In this guest post, LLM in International Law student and GJA Ambassador, Felix Mayr, reflects on a recent Edinburgh Centre for International and Global Law event on the military occupation of the Palestinian Territories and other occupied lands.
On 15 January 2020, the Edinburgh Centre for Constitutional Law and the Edinburgh Centre for Private Law hosted Saamir Nizam’s presentation of ‘The Law and History of Impeachment under the US Constitution’. Now practicing law in Scotland, Nizam worked as a lawyer, legislative assistant and investigator for the US congress in the 1990s including during the Clinton impeachment process. He further participated in several national and international investigative efforts including, inter alia, the International Criminal Tribunal for the Former Yugoslavia. In an in-depth presentation, he managed to not only explain the relevant US law to those who are not familiar with it but further invited the audience to think about the greater political process involved.
Mr Nizam began by outlining the two main functions of the US Constitution, the first being the constitution of the government and the second being the restriction of its power. He then illuminated the methodology of how to analyse these provisions to give them their proper legal
meaning. Looking at the history of the Constitution, he noted that in 1787 James Wilson articulated the meaning and the process of impeachment in 1787 with the idea that no president would become a monarch such as in England. In other words, the president must be strong enough to fulfil the position as commander and chief but not so powerful as to be able to set aside the legislature and the Supreme Court. The four impeachment cases across US history each revealed different lessons that could be instructive for the future.
(I) In the 1868 case of Andrew Johnson, who tried to dismiss Secretary of War Edwin Stanton after Congress limited his ability to fire Cabinet officials, the Senate voted him guilty with a majority of 35 to 19.. Despite the majority finding of guilt, the constitutional threshold for an impeachment conviction is two-thirds so Johnson remained in office. Thus, even with an overwhelming majority opposed to a President, conviction and removal from office can fail by just one vote. This account demonstrates that while the process of impeachment is legal, it can and must also be viewed as a political process. However, aside from the relevant articles found in the constitution, at that time, there were no detailed laws or regulations relating to impeachment.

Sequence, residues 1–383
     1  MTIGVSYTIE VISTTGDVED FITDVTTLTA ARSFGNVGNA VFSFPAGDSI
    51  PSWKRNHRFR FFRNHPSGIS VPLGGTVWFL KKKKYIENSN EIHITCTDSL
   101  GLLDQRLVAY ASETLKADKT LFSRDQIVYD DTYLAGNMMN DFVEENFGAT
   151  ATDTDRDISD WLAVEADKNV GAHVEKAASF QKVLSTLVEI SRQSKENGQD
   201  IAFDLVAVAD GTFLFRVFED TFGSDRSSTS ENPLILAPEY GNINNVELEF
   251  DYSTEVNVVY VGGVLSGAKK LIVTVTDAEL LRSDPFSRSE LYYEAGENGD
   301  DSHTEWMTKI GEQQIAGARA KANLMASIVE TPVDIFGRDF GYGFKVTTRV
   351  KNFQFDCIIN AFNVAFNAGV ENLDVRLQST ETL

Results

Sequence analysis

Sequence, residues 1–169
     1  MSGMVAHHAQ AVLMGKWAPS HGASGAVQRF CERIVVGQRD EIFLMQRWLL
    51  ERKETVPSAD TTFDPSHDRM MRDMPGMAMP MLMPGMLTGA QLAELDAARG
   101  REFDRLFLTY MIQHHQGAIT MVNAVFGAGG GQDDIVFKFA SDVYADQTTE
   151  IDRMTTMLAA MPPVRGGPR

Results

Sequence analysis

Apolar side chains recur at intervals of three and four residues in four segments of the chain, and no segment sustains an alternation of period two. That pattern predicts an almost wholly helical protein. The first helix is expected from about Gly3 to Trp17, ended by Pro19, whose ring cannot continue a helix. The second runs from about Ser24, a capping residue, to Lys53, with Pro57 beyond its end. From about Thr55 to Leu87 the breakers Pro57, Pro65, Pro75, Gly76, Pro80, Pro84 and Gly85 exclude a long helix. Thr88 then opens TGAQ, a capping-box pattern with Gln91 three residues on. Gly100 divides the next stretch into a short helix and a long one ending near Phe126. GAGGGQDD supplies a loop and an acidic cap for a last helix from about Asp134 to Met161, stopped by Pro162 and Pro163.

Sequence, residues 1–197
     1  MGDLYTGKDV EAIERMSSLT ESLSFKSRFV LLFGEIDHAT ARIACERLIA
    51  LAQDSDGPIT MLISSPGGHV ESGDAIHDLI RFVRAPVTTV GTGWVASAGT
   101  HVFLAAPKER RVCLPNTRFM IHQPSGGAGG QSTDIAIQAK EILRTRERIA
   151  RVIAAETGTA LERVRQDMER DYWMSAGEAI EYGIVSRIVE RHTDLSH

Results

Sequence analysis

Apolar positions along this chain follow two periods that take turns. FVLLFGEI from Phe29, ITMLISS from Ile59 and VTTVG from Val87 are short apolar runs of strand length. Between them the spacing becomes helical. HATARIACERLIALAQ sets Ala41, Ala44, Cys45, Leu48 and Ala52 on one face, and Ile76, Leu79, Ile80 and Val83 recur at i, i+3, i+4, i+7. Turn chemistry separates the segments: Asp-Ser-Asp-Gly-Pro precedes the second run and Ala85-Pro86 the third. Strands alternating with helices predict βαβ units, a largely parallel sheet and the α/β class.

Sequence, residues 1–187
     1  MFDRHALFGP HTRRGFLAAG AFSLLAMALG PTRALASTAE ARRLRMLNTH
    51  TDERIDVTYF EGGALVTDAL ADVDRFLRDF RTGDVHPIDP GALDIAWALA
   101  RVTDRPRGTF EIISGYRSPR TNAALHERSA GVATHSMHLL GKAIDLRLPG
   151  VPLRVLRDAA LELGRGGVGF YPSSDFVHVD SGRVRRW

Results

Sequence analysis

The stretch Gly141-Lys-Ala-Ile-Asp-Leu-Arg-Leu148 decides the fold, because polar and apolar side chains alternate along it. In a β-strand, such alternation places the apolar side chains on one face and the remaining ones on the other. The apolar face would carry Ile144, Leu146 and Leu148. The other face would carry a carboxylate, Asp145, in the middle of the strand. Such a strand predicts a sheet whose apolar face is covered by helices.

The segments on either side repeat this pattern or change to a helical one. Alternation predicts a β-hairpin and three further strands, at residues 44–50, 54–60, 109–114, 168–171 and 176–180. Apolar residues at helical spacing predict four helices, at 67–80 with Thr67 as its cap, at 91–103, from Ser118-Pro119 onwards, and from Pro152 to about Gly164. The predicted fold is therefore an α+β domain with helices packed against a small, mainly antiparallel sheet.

(II) The near-impeachment of President Richard Nixon following the Watergate scandal proved, again, the power of the spectre of impeachment. Not only did it lead to his resignation on 9 August 1974, it also demonstrated that even a popularly elected president can lose his political support and be subjected to impeachment when crimes are committed. In this regard, the Special Prosecutor and especially the Supreme Court were pivotal players in the effort against President Nixon. However, the process demonstrated that the process had become too political. A need for a law dealing with the investigation and prosecution leading to impeachment was needed. This led the Office of Legal Counsel, Department of Justice, to adopt guidance on the Legal Aspects of Impeachment: An Overview in 1974.
(III) With the impeachment of William (Bill) Clinton in 1998 in the aftermath of his affair with Monica Lewinsky, Kenneth Starr was authorised to investigate in the matter. However, Starr’s performance revealed that the Independent Counsel, who serves as a prosecutor, was too powerful and open to abuse. Though Clinton was not convicted, once again, the process was shown to have become too political – more detailed rules and additional controls on the Independent Counsel’s investigative and prosecutorial powers were needed. This led to the Office of Special Counsel replacing the Office of Independent Counsel in 1999, defined by regulation 28 CFR 600.
(IV) In the most recent case, Donald Trump was conveyed for impeachment by the House of Representatives in December 2019 after a whistle-blower revealed information regarding a call with Ukrainian President Zelensky. In the call, Trump coerced the Ukraine to provide damaging stories about Democratic candidate Joe Biden and his son. The Ukraine’s failure to cooperate would have resulted in Trump reneging on a $400 million (USD) military aid package to the country. With the Speaker of the House Nancy Pelosi naming the impeachment managers to conduct the prosecution on the exact day of the event, Nizam illustrated the subsequent process which is currently proceeding in the Senate. A vote in the Senate will ultimately decide on whether President Trump will be acquitted or convicted and removed from office.
History shows that the law of impeachment can be very powerful, as in the Clinton era, or rather weak, as in the case of Johnson. However, the outcome of such a proceeding always remains uncertain. The process of impeachment in American law is ‘a political body wearing legal clothes’ – ultimately, politics will decide the outcome. The power to remove a democratically elected president should not be underestimated – not least with regard to the possible consequences an impeachment might have on the voting public. Overall, Mr Nizam offered a captivating and engaging presentation covering over 200 years of legal history, moving effortlessly between the theory behind the process and its use in practice. Ending the evening with an optimistic outlook, he concluded that it is in challenging times such as the present when the US Constitution can demonstrate its real value and legal power. Looking at the US Constitution as an ‘evolving’ document, the Trump impeachment experience will also have its lessons for future generations.